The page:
U.S. DEPARTMENT OF THE INTERIORBUREAU OF LAND MANAGEMENT
TOWNSHIP: 9N RANGE: 22E SEC: 21
ELEVATION: 5200'SAMPLE DATE: MAY 21, 2007
NR = NO REPORT
FIRE BEHAVIOR AND TACTICS
Live Fuel Moisture
181% & Above - Fires will exhibit VERY LOW BEHAVIOR with difficulty burning. Residual fine fuels from the previous year may carry the fire. Foliage will remain on the stems following the burn. Fires can generally be attacked at the head or flanks by persons using hand tools. Hand line should hold fire without any problems. Fires will normally go out as soon as wind dies down.
151%-180% - Fires will exhibit LOW FIRE BEHAVIOR with fire beginning to be carried in the live fuels. Both foliage and stem material up to 1/4 inch in diameter will be consumed by the fire. Burns will be generally patchy with many unburned islands. Engines may be necessary to catch fires at the head and handling will be more difficult to construct, but should hold at the head and the flanks.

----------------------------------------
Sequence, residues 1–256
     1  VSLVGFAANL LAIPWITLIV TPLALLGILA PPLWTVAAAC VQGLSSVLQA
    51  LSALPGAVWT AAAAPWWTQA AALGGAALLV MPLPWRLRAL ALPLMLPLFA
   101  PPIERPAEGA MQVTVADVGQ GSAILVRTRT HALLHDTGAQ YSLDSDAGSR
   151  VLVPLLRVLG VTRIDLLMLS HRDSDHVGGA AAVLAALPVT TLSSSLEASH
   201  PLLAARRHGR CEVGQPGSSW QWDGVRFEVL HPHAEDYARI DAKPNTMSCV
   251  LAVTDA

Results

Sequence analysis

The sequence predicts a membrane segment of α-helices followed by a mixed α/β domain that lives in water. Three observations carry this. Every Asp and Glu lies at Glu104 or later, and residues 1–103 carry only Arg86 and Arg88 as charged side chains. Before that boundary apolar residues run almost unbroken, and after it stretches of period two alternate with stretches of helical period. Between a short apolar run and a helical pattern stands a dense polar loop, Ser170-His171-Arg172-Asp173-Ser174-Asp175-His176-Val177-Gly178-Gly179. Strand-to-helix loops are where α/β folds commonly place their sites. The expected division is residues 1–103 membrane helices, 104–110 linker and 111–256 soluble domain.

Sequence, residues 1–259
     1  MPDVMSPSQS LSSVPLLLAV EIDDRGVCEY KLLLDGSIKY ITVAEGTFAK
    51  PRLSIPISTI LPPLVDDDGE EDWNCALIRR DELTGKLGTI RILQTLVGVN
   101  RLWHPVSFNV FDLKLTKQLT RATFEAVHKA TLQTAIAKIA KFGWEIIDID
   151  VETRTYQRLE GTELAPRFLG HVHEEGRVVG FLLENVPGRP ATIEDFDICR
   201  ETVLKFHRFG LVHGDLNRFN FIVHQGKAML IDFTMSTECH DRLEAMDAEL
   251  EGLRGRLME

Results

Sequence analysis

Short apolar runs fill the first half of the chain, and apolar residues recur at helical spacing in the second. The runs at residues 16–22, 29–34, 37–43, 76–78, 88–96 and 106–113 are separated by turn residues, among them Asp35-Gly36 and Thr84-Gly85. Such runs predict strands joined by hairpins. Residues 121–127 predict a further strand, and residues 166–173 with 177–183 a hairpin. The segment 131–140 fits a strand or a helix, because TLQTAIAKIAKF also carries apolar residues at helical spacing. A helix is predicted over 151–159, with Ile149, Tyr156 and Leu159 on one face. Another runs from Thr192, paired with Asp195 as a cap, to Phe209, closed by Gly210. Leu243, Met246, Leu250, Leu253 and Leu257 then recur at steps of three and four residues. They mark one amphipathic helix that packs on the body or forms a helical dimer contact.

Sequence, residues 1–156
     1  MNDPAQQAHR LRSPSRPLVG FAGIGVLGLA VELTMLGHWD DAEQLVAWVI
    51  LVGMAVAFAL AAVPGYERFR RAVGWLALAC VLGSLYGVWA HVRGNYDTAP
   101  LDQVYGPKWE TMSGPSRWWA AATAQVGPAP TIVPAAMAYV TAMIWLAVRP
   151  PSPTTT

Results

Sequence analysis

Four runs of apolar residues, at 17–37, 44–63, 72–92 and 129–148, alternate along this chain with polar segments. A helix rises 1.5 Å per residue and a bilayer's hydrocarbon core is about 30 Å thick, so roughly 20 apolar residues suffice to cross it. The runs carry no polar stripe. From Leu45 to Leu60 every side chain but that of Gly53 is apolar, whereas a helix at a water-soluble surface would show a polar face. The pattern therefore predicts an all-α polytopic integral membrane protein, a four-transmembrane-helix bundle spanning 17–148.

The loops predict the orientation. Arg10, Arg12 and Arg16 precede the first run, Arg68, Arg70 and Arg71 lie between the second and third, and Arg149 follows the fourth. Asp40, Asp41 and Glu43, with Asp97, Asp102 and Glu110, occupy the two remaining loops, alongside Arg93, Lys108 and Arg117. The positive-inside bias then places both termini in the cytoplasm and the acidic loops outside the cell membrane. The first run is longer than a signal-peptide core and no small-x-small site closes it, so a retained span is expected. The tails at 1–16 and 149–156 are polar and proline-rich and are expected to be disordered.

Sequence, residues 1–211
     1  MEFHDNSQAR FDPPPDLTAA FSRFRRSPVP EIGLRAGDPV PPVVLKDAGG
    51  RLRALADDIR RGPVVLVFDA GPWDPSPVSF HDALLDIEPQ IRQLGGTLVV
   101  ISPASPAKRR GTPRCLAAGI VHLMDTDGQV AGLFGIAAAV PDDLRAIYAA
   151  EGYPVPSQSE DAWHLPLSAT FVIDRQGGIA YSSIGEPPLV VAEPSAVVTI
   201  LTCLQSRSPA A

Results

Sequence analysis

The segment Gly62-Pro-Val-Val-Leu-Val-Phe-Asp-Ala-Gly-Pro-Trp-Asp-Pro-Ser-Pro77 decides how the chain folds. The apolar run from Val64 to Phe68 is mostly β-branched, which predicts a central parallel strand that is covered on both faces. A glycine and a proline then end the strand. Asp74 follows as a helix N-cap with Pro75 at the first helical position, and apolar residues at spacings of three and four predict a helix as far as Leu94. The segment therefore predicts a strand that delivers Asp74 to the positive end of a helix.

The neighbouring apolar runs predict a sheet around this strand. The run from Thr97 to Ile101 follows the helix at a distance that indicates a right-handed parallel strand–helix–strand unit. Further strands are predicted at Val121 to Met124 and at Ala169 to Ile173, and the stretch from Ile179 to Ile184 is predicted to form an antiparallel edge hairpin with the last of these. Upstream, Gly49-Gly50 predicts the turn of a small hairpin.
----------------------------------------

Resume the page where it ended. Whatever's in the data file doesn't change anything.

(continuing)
126%-150% - Fires will exhibit MODERATE FIRE BEHAVIOR with a fast continuous rate of spread that will consume stem material up to 2 inches in diameter. These fires may be attacked at the head with engines but may require support of dozers and retardant aircraft. Handline will become ineffective at the fire head, but should still hold at the flanks. Under high winds and low humidity, indirect line should be given considerations.
101%-125% - Fires will exhibit HIGH FIRE BEHAVIOR leaving no material unburned. Head attack with fire engines and dozers will be nearly impossible on large fires, but may still be possible on smaller, developing fires. Retardant aircraft will be necessary on all these fires. Flanking attack by engines and indirect attack ahead of the fire must be used. Spotting should be anticipated. Fires will begin to burn through the night, calming down several hours before sunrise.
75%-100% - Fires will exhibit EXTREME FIRE BEHAVIOR. Extreme rates of spread and moderate to long range spotting will occur. Engines and dozers may be best used to back up firing operations, and to protect structures. Indirect attack must be used to control these fires. Fires will burn actively through the night. Air turbulence caused by the fire will cause problems for air operations.
|Last updated: 04-28-2008|
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